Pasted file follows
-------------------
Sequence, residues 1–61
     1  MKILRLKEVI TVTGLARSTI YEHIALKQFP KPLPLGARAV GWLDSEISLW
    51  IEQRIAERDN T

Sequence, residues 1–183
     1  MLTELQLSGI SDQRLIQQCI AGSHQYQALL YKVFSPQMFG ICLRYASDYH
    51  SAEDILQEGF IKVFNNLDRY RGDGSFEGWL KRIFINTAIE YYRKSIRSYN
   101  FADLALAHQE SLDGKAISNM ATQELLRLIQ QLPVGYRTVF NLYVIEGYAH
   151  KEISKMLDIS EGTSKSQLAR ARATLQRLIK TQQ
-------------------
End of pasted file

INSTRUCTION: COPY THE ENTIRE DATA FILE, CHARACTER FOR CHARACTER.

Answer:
Sequence, residues 1–61
     1  MKILRLKEVI TVTGLARSTI YEHIALKQFP KPLPLGARAV GWLDSEISLW
    51  IEQRIAERDN T

Sequence, residues 1–183
     1  MLTELQLSGI SDQRLIQQCI AGSHQYQALL YKVFSPQMFG ICLRYASDYH
    51  SAEDILQEGF IKVFNNLDRY RGDGSFEGWL KRIFINTAIE YYRKSIRSYN
   101  FADLALAHQE SLDGKAISNM ATQELLRLIQ QLPVGYRTVF NLYVIEGYAH
   151  KEISKMLDIS EGTSKSQLAR ARATLQRLIK TQQ